A bit of background: The land has been owned by Cargill Salt for ages, and it’s been used for salt ponds -- clearly visible by the array of green and brown-colored waters seen when flying over the area. The Trump Administration through the EPA administrator Andrew Wheeler declared earlier this month, according to the San Jose Mercury, that all those acres are no longer bound by the federal Clean Water Act, and are not subject to a 1972 law that limited the bay’s filling and draining. Therefore there are no restrictions on development. In other words, anything goes now for what to do with those 1,400 acres that Cargill wants to sell.
That’s a big reversal and a huge decision, since this marshy mass is now worth millions more. Environmentalists want the land, which sits at sea level and is prone to flooding, to be preserved and used as tidal wetlands for wildlife, a position that has garnered public support for several decades. But housing advocates are excitedly aware that these swampy acres are suitable for housing, particularly the affordable kind. Indeed, in 2009, Cargill and DMB Associates, a developer from Arizona, proposed building some 12,000 homes on the site.
Whatever happened politically, we now have a new problem – and lots to consider. And this is not just a local problem – areas in Brooklyn are fighting over preserving wonderful city gardens and parks vs. building high rises. In a Sunday NYT article that implied some people were thinking of turning parts of the Brooklyn Botanic Garden into housing, Scot Medbury, president of the garden, said, “The (small) gardens (in town) are not just some generic green space. We shouldn’t pit open space vs. housing.”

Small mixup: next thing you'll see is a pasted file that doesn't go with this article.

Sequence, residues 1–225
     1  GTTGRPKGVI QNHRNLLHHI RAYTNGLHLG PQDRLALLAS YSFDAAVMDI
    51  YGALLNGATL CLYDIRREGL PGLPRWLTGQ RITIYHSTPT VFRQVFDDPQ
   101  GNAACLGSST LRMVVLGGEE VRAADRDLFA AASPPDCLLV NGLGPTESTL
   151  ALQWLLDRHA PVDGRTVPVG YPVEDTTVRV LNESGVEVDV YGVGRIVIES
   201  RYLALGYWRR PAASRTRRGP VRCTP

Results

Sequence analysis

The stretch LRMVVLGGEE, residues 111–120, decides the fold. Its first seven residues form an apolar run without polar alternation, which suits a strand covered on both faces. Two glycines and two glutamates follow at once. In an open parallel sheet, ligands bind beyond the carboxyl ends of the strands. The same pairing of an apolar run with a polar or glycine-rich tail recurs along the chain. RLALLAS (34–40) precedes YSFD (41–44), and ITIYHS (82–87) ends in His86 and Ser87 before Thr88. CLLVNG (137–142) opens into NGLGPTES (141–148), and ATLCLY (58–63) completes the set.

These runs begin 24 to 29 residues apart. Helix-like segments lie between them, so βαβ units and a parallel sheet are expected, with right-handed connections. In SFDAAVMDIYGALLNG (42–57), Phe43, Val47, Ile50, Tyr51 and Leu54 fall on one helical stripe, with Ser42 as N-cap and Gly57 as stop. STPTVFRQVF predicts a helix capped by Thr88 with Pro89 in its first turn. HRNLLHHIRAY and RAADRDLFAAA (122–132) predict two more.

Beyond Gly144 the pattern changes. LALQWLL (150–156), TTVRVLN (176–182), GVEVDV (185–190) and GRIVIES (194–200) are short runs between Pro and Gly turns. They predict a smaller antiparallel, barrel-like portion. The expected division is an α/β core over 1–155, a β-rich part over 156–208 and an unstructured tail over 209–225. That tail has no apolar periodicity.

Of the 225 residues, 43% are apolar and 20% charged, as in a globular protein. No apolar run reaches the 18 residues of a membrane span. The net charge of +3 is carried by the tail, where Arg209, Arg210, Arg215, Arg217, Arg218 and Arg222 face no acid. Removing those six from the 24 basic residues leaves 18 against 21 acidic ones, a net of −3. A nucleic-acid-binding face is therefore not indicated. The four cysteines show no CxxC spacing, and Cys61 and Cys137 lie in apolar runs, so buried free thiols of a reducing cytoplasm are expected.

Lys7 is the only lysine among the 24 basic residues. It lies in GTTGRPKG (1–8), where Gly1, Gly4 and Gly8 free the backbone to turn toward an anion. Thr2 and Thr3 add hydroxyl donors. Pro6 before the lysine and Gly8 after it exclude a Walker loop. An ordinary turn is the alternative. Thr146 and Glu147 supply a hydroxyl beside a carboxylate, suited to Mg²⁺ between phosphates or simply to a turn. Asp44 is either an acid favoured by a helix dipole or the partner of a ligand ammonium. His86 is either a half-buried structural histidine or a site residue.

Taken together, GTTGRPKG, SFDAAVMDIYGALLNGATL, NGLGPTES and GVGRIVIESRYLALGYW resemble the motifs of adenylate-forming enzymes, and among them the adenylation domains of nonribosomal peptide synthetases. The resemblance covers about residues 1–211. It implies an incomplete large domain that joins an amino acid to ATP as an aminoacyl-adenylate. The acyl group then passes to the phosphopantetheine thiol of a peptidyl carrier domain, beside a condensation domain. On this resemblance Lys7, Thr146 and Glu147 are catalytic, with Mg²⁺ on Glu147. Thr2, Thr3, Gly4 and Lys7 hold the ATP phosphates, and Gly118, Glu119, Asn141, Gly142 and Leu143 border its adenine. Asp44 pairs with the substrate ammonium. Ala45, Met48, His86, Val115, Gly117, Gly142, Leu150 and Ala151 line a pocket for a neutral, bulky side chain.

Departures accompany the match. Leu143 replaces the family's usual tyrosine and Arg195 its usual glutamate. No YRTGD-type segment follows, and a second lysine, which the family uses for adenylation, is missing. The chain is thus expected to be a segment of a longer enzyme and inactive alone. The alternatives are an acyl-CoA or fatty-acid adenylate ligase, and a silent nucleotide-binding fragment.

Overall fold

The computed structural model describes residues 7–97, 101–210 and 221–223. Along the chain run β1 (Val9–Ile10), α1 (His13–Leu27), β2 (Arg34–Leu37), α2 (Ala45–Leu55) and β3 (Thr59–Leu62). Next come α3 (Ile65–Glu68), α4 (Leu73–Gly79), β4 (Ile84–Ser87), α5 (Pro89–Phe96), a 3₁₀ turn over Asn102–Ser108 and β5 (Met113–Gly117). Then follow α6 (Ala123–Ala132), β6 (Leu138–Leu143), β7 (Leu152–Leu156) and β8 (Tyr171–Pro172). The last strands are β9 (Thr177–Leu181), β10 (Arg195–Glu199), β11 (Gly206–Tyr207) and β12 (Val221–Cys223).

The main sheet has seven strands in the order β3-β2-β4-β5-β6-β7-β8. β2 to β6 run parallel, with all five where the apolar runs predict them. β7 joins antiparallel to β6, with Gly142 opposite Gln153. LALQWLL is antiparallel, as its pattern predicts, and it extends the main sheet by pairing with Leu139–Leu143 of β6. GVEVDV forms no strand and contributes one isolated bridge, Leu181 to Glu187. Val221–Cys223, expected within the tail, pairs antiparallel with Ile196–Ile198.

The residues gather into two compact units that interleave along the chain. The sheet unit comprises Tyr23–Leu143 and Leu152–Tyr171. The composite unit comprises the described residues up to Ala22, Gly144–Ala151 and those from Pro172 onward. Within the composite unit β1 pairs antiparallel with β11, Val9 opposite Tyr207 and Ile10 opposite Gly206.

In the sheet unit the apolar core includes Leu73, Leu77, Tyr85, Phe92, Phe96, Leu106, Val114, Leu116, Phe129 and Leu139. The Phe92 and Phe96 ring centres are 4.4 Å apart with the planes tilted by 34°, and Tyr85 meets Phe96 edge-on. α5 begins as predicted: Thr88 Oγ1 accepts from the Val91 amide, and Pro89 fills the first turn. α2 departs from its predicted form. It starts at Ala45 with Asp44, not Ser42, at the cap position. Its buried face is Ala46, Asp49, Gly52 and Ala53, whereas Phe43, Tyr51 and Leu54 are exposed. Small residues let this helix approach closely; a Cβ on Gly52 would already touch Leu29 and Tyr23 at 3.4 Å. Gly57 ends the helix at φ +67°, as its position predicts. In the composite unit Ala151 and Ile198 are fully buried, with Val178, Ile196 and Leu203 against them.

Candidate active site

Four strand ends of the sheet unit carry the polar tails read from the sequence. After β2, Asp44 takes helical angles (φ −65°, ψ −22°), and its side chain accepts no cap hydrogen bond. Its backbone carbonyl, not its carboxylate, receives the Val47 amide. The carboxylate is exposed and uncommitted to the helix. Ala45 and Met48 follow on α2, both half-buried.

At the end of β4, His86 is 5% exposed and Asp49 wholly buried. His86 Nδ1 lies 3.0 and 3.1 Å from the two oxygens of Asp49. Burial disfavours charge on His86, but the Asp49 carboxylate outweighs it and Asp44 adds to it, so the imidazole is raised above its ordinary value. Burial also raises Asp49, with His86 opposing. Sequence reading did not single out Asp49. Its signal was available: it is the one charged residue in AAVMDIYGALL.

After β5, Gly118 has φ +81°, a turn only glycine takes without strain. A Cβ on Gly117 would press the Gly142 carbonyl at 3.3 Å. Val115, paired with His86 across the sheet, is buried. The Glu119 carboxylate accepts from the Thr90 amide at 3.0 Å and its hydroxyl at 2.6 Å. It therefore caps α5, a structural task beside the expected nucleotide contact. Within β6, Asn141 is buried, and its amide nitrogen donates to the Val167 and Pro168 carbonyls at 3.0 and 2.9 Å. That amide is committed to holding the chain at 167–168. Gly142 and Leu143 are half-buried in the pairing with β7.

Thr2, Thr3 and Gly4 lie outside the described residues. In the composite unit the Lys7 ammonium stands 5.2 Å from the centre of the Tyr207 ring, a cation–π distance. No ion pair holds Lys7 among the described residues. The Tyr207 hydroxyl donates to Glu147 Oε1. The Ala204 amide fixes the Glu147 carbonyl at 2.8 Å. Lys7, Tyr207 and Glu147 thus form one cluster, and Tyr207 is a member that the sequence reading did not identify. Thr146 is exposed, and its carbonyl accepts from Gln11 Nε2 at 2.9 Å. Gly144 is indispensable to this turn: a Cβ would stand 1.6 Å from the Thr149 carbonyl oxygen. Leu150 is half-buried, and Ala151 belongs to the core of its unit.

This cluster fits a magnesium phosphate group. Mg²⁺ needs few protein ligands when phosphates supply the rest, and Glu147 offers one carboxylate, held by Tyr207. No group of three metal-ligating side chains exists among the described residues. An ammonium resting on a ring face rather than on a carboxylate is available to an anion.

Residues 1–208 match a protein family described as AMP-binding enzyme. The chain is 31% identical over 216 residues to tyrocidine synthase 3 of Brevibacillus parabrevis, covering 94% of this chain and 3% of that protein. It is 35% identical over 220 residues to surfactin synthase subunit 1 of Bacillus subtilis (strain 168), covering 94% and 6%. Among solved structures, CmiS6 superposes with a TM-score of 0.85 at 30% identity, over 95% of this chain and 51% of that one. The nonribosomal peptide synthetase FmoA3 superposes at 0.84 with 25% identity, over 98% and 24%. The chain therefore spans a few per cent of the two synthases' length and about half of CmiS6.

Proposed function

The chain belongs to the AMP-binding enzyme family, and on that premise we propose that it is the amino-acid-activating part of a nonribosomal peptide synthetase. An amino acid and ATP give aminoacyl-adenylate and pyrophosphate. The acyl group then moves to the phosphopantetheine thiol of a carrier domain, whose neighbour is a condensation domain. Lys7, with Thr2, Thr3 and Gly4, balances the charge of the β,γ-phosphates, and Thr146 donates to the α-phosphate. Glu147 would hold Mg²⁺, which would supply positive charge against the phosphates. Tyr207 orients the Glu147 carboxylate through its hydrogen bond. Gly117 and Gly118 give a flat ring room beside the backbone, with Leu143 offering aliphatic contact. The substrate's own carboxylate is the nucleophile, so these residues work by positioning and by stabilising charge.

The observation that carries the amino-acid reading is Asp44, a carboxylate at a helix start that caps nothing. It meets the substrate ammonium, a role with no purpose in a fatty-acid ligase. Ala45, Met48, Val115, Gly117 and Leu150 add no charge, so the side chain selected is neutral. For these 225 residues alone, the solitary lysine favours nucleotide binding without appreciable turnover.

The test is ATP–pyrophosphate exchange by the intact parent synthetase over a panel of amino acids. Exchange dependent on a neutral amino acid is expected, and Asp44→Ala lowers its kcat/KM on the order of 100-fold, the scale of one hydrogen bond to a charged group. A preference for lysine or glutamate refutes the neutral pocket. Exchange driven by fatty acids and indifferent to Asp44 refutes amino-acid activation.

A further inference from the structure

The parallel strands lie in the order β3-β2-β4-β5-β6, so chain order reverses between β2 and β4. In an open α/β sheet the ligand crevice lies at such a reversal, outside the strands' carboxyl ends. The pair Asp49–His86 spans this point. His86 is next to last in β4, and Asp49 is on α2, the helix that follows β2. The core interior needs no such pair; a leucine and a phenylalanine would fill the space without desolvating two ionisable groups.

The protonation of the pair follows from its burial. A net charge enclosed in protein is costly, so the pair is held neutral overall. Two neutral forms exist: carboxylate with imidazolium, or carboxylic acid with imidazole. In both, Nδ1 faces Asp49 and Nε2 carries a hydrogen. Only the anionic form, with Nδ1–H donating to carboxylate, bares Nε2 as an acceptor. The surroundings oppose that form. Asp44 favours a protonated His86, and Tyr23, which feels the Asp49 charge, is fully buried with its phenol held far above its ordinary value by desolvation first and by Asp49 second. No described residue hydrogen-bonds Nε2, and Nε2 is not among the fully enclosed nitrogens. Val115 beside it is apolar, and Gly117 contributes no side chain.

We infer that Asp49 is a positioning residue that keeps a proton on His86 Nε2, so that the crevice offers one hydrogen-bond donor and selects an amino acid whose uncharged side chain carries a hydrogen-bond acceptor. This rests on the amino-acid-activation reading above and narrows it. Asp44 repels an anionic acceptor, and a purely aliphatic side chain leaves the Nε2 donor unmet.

And yet that’s what may soon happen here
The housing shortage is a fact-based area-wide need, and 12,000 (plus or minus) new units could help solve some of the critical housing needs in the area for 25,000-plus people. But the land would have to be redeveloped, a costly undertaking, akin to what happened to Foster City in the 1960’s, amid opposition from some of the environmentalists. At that time, some feared that reclaimed and refilled area would be subject to earthquakes.
I empathize with the need for more housing, but there are related problems -- it will add more people on more traffic on the Redwood City roadways, as well as roads north and south. A further problem is that due to climate changes, cities, particularly Palo Alto, are now anticipating that waters, including those in SF Bay, will rise, and by the 2050s, may usurp a lot of the shoreline. So if we all build housing there now, will it be flooded by mid-century?
On the other hand, it’s very important to preserve the Bay and prevent it from reckless filling, because it’s an important microclimate, and it could easily be restored to marshlands.
This shouldn’t be an either (housing) - or - (save the Bay) decision. I, for one, don’t have enough of the facts or the costs. But I do remember back in the early 1980s in Palo Alto, there was a move to turn the Elizabeth Gamble House on the corner of Waverley and Embarcadero into an affordable housing project for lower-income people, rather than turn it into a lovely public garden. I wanted then and now to preserve Gamble Gardens, because it has become such a lovely community treasure.
And if we had built more affordable housing there, we still would have a just-as-intense lack of below-market-rate housing problem here today.
So I guess I come down right now on tilting toward the side of preserving the Bay and forgetting about filling it in. Do you?